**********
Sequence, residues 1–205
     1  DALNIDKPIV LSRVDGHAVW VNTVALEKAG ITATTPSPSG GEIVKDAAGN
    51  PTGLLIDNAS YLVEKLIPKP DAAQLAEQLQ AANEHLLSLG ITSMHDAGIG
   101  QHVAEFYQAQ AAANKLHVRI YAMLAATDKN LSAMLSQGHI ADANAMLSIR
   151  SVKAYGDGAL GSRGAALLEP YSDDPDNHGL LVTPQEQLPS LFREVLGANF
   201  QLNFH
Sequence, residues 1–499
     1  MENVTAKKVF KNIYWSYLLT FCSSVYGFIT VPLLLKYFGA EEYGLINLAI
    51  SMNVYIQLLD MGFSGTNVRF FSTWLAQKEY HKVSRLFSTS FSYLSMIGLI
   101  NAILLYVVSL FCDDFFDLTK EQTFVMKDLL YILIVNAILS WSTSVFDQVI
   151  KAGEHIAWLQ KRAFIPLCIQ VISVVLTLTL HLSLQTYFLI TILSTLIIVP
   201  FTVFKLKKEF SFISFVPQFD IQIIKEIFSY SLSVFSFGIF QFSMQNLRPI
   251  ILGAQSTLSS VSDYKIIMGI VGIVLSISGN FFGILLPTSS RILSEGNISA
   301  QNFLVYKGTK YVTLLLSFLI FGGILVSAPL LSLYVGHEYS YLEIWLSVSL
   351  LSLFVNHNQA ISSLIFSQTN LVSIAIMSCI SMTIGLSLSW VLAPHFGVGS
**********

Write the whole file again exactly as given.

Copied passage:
Sequence, residues 1–205
     1  DALNIDKPIV LSRVDGHAVW VNTVALEKAG ITATTPSPSG GEIVKDAAGN
    51  PTGLLIDNAS YLVEKLIPKP DAAQLAEQLQ AANEHLLSLG ITSMHDAGIG
   101  QHVAEFYQAQ AAANKLHVRI YAMLAATDKN LSAMLSQGHI ADANAMLSIR
   151  SVKAYGDGAL GSRGAALLEP YSDDPDNHGL LVTPQEQLPS LFREVLGANF
   201  QLNFH
Sequence, residues 1–499
     1  MENVTAKKVF KNIYWSYLLT FCSSVYGFIT VPLLLKYFGA EEYGLINLAI
    51  SMNVYIQLLD MGFSGTNVRF FSTWLAQKEY HKVSRLFSTS FSYLSMIGLI
   101  NAILLYVVSL FCDDFFDLTK EQTFVMKDLL YILIVNAILS WSTSVFDQVI
   151  KAGEHIAWLQ KRAFIPLCIQ VISVVLTLTL HLSLQTYFLI TILSTLIIVP
   201  FTVFKLKKEF SFISFVPQFD IQIIKEIFSY SLSVFSFGIF QFSMQNLRPI
   251  ILGAQSTLSS VSDYKIIMGI VGIVLSISGN FFGILLPTSS RILSEGNISA
   301  QNFLVYKGTK YVTLLLSFLI FGGILVSAPL LSLYVGHEYS YLEIWLSVSL
   351  LSLFVNHNQA ISSLIFSQTN LVSIAIMSCI SMTIGLSLSW VLAPHFGVGS